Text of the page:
In the ALA Virtual Conference, a presentation that can have an immediate impact for any library was “Download This! How One Library Embraced Its Downloadable Future”. But it’s not about the downloadable future, it’s about the downloadable present!
For those who missed the ALA Virtual Conference, the Public Library of Cincinnati and Hamilton County gave an excellent presentation about how they took the proverbial bull by its proverbial horns and pushed downloadable ebooks and eaudiobooks from backburner to front and center of their website, their service and their collection development. There was definitely a note of chagrin in their confession that just a couple of years ago, the best place for a person to learn about ebooks in the Cincinnati area was the local Barnes & Noble, not the library. (Full disclosure, my very first library job was as a page for PLC&HC many moons ago)
Although they may be a large library with a good-sized budget, the process that Sandy Bolek and Holbrook Sample outlined was a process that any library could tailor to their own circumstances. And every library has circumstances.
The current statistics according to the Pew Research Center show that 12% of Americans own an eReader of some type. 8% of Americans own a tablet device, so an iPad or Android tablet. On the one hand, some of that ownership definitely overlaps (yours truly has both) but on the other hand, those statistics are a month old. They’ve undoubtedly changed–by rising. EReader ownership has tripled since the same time last year, and tablet ownership has doubled. Book sales are down in every category, except digital, which is up by 150+% according to the American Association of Publishers.
The July 25, 2011 issue of Shelf Awareness reports that, “Some 21% of reading group members are now reading all or most of their selections on e-readers, up from 11% in 2009…” Reading groups are valued members of every library’s community. And one member out of five is reading their book on a reader.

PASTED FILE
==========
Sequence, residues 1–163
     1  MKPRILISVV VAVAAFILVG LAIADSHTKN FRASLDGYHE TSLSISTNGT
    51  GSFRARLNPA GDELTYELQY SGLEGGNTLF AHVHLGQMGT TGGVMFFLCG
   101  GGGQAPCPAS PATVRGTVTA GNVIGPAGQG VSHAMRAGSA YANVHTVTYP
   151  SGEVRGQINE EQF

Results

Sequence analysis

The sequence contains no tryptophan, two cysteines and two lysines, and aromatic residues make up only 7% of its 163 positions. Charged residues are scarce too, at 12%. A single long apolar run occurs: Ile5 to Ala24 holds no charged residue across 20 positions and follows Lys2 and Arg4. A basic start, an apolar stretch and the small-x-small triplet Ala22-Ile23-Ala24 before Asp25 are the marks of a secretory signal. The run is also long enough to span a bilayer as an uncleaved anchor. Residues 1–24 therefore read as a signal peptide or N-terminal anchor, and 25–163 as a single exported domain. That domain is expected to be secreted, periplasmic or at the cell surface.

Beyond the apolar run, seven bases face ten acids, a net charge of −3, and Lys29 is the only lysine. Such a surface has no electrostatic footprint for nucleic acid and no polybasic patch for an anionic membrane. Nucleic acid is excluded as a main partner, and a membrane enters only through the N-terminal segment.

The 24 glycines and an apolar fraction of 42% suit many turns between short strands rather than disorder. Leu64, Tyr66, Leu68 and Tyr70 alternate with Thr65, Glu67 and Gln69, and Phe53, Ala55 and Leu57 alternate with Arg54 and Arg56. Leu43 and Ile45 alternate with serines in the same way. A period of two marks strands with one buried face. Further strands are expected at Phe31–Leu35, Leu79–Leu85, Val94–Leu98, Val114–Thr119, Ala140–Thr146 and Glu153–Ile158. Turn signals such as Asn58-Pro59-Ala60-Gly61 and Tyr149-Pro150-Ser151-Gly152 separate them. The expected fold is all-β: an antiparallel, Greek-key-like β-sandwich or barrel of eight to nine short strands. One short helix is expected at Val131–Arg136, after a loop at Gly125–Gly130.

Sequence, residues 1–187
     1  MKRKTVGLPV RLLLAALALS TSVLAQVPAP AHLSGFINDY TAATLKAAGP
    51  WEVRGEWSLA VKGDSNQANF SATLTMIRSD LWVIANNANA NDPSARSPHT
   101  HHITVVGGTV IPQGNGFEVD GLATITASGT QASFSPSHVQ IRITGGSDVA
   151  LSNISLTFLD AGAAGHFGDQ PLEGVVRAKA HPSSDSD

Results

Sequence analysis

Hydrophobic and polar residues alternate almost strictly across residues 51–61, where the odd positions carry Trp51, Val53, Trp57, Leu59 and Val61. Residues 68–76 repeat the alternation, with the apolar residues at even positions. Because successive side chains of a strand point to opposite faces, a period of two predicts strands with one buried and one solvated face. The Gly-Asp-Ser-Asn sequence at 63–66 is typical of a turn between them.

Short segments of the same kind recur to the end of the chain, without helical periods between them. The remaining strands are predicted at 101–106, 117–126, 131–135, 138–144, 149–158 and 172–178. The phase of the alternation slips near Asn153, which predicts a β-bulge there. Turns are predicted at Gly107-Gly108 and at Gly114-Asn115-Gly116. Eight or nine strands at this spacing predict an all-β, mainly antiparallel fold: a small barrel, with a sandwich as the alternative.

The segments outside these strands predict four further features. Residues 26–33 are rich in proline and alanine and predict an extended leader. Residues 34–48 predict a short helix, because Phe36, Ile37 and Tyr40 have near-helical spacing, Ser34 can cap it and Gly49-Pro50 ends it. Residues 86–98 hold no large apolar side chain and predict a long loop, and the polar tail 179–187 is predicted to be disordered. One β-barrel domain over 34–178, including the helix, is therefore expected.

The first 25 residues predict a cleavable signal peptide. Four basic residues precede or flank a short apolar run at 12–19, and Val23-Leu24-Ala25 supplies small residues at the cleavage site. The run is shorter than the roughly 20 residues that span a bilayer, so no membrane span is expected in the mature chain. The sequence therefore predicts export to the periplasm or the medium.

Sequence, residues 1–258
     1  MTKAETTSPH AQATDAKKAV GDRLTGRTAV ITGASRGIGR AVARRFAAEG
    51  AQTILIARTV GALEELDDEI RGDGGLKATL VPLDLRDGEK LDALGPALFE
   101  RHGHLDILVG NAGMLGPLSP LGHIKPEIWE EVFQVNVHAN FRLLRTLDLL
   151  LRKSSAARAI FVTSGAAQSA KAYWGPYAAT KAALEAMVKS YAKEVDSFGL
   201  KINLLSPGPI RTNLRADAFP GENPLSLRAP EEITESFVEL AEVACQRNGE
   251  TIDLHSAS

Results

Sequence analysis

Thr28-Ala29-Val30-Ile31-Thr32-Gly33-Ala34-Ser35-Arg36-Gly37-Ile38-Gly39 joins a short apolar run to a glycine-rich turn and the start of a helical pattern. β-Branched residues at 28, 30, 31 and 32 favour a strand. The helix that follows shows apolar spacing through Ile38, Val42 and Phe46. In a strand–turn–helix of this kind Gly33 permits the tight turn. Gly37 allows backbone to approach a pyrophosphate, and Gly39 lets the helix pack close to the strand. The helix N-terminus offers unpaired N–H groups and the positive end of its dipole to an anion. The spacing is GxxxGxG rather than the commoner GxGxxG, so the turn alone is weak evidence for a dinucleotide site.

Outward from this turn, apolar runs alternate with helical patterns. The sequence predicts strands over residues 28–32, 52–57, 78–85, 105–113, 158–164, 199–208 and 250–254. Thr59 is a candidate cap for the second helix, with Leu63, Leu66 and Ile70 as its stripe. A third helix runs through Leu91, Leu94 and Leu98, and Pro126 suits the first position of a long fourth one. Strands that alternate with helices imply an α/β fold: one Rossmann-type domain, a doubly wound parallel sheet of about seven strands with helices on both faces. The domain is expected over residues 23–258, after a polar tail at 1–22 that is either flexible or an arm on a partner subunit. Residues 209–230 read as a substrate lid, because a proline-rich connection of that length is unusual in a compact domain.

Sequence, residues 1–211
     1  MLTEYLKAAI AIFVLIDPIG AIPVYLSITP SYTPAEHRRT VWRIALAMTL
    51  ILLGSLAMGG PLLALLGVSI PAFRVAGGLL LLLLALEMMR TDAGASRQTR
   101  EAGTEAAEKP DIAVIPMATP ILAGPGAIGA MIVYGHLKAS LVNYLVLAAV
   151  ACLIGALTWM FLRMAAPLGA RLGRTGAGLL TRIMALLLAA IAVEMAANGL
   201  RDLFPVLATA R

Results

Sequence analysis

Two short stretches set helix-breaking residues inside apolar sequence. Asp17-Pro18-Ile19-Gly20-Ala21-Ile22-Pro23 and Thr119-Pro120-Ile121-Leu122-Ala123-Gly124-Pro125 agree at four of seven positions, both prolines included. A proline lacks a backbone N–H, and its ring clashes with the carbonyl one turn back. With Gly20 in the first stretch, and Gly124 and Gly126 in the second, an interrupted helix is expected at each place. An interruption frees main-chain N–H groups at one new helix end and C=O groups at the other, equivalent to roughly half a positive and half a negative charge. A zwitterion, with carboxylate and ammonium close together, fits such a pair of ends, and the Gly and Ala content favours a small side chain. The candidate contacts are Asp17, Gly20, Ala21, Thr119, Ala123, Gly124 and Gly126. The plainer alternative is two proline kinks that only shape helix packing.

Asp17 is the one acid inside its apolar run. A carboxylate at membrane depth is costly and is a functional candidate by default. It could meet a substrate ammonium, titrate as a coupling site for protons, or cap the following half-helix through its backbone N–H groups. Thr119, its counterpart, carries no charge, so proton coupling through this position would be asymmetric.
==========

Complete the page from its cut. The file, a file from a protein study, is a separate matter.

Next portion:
If more than 1 person in 10 has an ereader, and 1 person in 5 in a reading group is reading their selections on an ereader, then, are downloadables the future, or are they now? What can your library do if it’s now?
Cincinnati’s plan is straightforward. Although this list is in order, it is also a continuous loop. Once you start, you don’t ever get to stop.
1.Collection to meet demand and holds
2.Staff training to be able to assist patrons
3.Website promotion to make downloads prominent and increase ease of use, FAQs, etc.
4.Marketing, marketing, marketing
Straightforward doesn’t mean easy. They spend 5% of their collection development funds on downloadables, and circulation has risen dramatically as a result. This is true for collection development in general. New material, popular material, brings new users. Older material, a collection that is not refreshed, does not have what people want, or doesn’t have anything in, frustrates people and turns them away.
Patrons need to know that the library doesn’t just have ebooks, but can help. Although the user experience is getting better as the products mature, it can be frustrating. If we want people to come to us, we have to be willing to help them, and to listen to them. Barnes & Noble will help them if we don’t.
We need to tell patrons that we have what they are looking for. People don’t assume that we have ebooks. Some people think we all still have white hair tucked up in a bun, and we know that’s not true. Why would they think we have ebooks unless we tell them? Barnes & Noble and Amazon put their Nook and their Kindle front and center on their websites.
At the Alachua County Library District, I went through many of the same steps that Cincinnati did. I also looked at the collection as it was, and the outside market, and realized that downloadables could be really huge for the library if they were focused on in the right way. Collection development for downloadables is a different animal in some ways than more traditional library formats, but the challenge is to work it into the library’s flow. Alachua also saw a jump in downloadable circulation of 300% from 2009 to 2010, and 2011 is on track for a similar increase. Giving the downloadable collection a prominent place on the library’s website will reap benefits. Making sure there is high-quality, constantly refreshed content when patrons go to your downloadables will bring them back time and time again.